CollegeHumor’s new YouTube Red series pokes fun at all things Internet

Reporter’s note: This is part of a series featuring each new original show or movie debuting on YouTube Red. The subscription streaming service’s first slate of originals launched in February.

LOS ANGELES — Imagine a future where YouTubers fight to their deaths, “good old fashioned conversations” means two people silently texting each other and a person’s place in society is determined by a Buzzfeed quiz. 

That’s the dystopian backdrop of CollegeHumor’s hilarious but dark new YouTube red series, Bad Internet, which launches on Wednesday.

The goal of the new 10-episode weekly series is to parody technological innovations and Internet phenomenons that dominate people’s daily lives. 

It really is a series built for the Internet,” Sam Reich, CollegeHumor’s Head of Video, told Mashable. “We know the Internet loves the Internet. This kind of meta self-referential thing really works. Something we love to do at CollegeHumor is take those little things and blow them up to the most unreasonable, high production value, epic proportions.”

The first episode “Which of the Friends Are You?” — available for free on YouTube — follows a dystopic future society, divided into groups dictated by a Buzzfeed quiz. Then, a la Divergent, one young female heroine has the courage to overturn the whole system.

Image: buzzfeed screenshot

Each of the episodes feature a rotating ensemble cast of CollegeHumor talent and YouTube stars, including iJustine, Smosh (Anthony Padilla and Ian Hecox), Will Arnett, Jack McBrayer, Jean Smart and Oscar Nunez.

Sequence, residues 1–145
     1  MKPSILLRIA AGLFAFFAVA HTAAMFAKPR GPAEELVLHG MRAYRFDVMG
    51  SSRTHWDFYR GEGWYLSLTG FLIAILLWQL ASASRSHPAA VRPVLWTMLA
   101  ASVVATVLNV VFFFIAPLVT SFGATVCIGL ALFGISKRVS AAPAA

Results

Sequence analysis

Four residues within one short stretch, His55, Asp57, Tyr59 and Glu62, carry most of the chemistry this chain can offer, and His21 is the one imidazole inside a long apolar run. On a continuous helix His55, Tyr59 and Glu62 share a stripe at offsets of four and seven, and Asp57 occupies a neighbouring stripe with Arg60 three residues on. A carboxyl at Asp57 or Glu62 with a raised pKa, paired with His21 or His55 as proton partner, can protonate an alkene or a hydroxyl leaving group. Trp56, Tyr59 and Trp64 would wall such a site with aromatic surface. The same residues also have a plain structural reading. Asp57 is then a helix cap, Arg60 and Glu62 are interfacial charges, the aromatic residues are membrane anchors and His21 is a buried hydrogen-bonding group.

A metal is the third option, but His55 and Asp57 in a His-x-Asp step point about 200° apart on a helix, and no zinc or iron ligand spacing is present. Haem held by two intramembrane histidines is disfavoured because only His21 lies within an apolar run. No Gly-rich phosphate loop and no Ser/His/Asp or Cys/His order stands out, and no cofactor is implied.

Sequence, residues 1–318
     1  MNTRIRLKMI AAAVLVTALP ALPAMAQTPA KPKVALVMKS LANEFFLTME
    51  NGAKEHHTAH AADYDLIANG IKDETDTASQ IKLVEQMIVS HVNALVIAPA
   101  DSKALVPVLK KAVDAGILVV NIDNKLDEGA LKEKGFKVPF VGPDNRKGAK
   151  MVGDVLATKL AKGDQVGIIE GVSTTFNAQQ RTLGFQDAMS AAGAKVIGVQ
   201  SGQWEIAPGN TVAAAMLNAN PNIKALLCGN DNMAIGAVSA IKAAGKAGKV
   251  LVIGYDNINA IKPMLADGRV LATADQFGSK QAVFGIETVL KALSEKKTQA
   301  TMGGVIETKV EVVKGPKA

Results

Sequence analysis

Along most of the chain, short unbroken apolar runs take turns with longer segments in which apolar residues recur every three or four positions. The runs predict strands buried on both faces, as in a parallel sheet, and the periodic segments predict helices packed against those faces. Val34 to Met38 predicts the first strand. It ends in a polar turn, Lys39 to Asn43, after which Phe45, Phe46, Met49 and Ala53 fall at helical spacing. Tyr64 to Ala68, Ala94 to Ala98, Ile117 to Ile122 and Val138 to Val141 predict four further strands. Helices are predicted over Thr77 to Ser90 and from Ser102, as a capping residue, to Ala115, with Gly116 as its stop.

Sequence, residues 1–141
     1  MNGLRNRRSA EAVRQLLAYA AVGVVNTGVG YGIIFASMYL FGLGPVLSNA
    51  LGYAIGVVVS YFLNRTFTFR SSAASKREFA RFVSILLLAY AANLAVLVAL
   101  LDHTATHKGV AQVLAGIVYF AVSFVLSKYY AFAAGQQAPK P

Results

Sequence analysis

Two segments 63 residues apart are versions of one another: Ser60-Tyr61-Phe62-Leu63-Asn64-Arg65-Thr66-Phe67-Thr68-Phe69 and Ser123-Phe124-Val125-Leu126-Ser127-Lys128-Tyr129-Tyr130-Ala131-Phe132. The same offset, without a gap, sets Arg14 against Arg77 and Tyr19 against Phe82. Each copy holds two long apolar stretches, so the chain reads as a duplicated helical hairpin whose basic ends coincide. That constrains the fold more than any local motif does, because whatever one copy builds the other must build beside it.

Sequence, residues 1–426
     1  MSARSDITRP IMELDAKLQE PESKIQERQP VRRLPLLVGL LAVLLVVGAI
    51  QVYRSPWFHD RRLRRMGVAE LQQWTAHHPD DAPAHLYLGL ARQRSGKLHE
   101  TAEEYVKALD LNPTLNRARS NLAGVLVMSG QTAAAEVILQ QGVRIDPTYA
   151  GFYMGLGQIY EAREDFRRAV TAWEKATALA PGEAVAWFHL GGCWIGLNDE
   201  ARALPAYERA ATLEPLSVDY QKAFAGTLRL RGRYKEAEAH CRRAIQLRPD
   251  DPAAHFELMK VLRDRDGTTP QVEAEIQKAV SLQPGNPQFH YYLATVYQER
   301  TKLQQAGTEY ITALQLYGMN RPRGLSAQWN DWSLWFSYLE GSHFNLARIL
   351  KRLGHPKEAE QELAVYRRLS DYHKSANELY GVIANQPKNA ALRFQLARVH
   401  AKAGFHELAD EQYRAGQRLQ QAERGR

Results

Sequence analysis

Other technology topics made fun of in the series include Uber, Amazon, Hulu and even YouTube.

Image: collegehumor/youtube

iJustine, aka Justine Ezarik, stars in the YouTube episode, where she finds herself in the Hunger Games, but for YouTube stars.

“It’s not like I want to be murdering my fellow YouTubers — the exposure is amazing,” her character says in the show. 

The YouTube episode is especially meta, given that the series is for YouTube Red viewers. But CollegeHumor and participating cast members made sure to approach the topic cautiously, making sure to poke fun at but still not offend.

“You have to be able to make fun of yourself,” Ezarik told Mashable. “My character was a combination of myself making fun of the sort of things I already say but as if I were a beauty guru on YouTube… it was a fun experience. I hope people enjoy it as much as I did.”

The series was inspired by popular anthologies such as Twilight Zone, Are You Afraid of the Dark? and even Black Mirror on Netflix.

Doing an anthology series has always been a kind of something in between a high priority and a dream for us,” Reich said. 

The CollegeHumor team already meets on a regular basis to come up with sketch comedy ideas. This happened to be one of them.

Each episode idea has its own origin, however, with some being pitched over the course of the year and others coming from group brainstorms.

The creative process for the series began in October of last year, when the CollegeHumor team started writing. They shot half of the series before the holidays, and the other half after in January.

But why launch the series on YouTube Red? 

For this type of project, the digital comedy platform knew it wanted to go big. Each episode is 10 to 11 minutes, a surge from the standard CollegeHumor video length of 3 to 4 minutes. Plus, production costs were also scaled up, given the bigger cast and wide variety of visual effects per episode.

“YouTube Red enables us to spend like a whole bunch more money that we’d probably not spend on our own,” Reich said. “It lets us do something really ambitious.”

Plus, it made sense given that YouTube is already a “huge part of CollegeHumor’s business model,” Reich said.

CollegeHumor has a whopping 10.8 million subscribers to its YouTube channel, which launched in 2006. 

Years ago, we saw that our audience was picking up on YouTube in a way that made us stand out from our competitive set,” Reich said. “We decided to double down on that and make YouTube really the primary means which we distribute video content. It paid off, YouTube has been really encouraging and supportive. This series represents one of our biggest partnerships with them.”

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